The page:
No they are not i thought the same thing and almost moved my 4 month old pit to Oklahoma with my cusen...thank god i did some research
There are some cities in Texas that do not allow or restrict pit bull ownership, though. The only two at the moment are Garland and Madisonville City. (dogbite.org)
He's a Brussels Griffon...actually a Brussels Griffon mix. I would guess with Chihuahua, some sort of Toy Terrier or even more than one breed. He's a really cute little guy, but his features aren't quite right for a Griffon. His muzzle isn't as short or wide, his coat isn't quite right, and his legs are longer.
Their genetics come from a breed called an akita inu, their are south African, American and Japanese akita's. You can distinguish which one you have from the colour of their furr.
Keep your hands off the retainer. You can put gloves or mittens on since you wouldn't want to touch it with those on. Trust me, they feel strange when wet. If you absentmindedly mess with it while you do something like watching TV, put a rock in each of your hands. When holding this, you won't have a free hand to mess with your retainer. When you go so long without messing with it, reward yourself with a little treat. That could give you something to work towards.
it b/c your family not feeding it well of the dog is tired of the food your giving it
when she is in heat. (on her period) most fertile days are the 11th-15th
No. Absolutely not.
In what way? We actually have an English Setter Basset Hound mixed breed and she is fantastic and ADORABLE! She's white with black and brown "ticking" like a setter with short legs and a long body- but not quite as stout as a basset. She's very friendly and has a great temperament, just needs a lot of exercise.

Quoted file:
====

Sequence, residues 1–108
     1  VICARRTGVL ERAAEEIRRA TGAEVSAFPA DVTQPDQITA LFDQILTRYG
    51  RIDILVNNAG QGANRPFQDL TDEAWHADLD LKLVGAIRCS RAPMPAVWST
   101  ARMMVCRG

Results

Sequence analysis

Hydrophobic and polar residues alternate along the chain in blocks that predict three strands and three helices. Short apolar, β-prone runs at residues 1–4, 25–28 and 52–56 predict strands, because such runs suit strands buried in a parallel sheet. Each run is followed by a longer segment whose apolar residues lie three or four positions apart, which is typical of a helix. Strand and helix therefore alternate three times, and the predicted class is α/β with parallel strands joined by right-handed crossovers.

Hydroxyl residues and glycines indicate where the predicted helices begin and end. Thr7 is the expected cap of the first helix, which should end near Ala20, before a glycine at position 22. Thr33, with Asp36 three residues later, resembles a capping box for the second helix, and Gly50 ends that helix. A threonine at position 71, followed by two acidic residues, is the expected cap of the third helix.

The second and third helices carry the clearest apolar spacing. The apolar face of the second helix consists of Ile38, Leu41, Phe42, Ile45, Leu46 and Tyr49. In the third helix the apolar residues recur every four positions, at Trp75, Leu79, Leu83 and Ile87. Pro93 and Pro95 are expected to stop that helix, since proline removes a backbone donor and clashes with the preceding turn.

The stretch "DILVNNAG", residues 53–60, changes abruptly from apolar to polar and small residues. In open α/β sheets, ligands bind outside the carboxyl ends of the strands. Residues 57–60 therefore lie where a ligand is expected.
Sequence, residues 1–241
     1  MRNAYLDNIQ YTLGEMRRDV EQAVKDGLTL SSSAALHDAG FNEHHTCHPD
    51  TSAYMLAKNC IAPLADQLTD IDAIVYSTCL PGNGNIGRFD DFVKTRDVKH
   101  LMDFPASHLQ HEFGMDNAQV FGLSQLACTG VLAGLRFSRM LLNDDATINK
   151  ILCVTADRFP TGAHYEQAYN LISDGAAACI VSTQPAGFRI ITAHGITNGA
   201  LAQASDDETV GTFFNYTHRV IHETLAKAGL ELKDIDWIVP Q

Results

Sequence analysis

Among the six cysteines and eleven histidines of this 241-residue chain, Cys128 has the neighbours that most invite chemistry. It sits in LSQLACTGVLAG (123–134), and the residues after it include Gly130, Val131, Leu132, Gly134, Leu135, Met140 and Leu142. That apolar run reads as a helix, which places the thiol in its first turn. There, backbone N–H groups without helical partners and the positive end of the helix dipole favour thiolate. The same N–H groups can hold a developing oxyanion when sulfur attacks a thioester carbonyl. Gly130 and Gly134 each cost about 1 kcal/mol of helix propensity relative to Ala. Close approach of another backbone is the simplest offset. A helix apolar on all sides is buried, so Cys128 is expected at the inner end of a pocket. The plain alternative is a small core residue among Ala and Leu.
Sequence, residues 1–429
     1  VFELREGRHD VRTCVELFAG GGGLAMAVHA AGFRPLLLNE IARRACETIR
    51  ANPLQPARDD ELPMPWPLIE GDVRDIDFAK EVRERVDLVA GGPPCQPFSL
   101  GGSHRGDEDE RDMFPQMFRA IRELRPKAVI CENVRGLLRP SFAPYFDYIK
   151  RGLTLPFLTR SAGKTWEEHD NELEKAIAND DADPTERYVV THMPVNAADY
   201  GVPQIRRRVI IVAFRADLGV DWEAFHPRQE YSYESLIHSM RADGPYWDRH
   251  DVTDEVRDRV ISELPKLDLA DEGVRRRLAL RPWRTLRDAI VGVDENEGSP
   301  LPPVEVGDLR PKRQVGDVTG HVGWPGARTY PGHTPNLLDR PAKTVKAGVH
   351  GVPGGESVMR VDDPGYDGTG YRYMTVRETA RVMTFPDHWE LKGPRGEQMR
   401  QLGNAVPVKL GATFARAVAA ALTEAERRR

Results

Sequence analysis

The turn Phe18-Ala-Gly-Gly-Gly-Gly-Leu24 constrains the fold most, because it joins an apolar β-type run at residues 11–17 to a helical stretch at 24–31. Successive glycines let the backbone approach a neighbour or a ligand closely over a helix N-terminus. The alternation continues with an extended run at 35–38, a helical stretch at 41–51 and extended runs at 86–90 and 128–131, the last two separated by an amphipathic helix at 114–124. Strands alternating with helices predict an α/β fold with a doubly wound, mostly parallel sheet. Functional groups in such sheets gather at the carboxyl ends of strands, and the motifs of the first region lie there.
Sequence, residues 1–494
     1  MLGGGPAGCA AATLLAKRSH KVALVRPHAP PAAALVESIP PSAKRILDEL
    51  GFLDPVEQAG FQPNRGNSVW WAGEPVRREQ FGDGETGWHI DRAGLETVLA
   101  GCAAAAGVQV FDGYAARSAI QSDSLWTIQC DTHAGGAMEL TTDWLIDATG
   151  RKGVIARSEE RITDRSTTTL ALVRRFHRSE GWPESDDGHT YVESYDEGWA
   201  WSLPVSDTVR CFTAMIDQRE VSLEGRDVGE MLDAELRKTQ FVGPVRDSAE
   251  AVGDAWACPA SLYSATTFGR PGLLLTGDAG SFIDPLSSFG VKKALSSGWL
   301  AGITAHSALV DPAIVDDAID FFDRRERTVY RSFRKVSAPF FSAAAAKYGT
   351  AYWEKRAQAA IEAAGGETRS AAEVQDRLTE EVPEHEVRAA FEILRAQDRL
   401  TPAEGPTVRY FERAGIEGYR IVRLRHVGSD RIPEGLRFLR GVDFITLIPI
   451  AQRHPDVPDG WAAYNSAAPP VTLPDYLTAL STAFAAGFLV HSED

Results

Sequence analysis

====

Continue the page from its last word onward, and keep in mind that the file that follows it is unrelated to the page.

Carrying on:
You can see photos here: http://picasaweb.google.com/monette.anderson/EnglishSetterBassetHoundMixEnglishBasseterHound?feat=directlink
We also have a English Setter Basset Hound mixed breed and she's wonderful. She's 7months healthy and beautiful. She is strong willed and requires alot of activity (long walks, outdoor play). She is great with people including children.
well it depends on how you want to train them if you want to make them protective over you that's easy you only keep them around you don't let anyone pet and love on them exept for you pit bulls are easy to train. but if you want them to be nice take them around people for they will be use to people really it all depends and some pits don't have a mean bone in there body like my brothers dog use to be crazy but they played the crazy right out of her and now she is the nicest dog you will ever meet
Well, if they stink, then there is probably an infection, either yeast or bacterial. If there is brown sticky like stuff in there, then there is definitely an infection. The most common ear infections are yeast infections. The best thing to do is see a vet, let them diagnose the problem, flush out the ears, and get you medication. I recommend this first and foremost, however, you can get a mild ear cleaner and clean the ears yourself. For yeast infections, I swear by the over the counter vaginal yeast infection medications. It is the same type stuff your vet will give you for an ear yeast infection, however, it does not take care of bacteria if it is present. One other thing you need to consider is ear mites.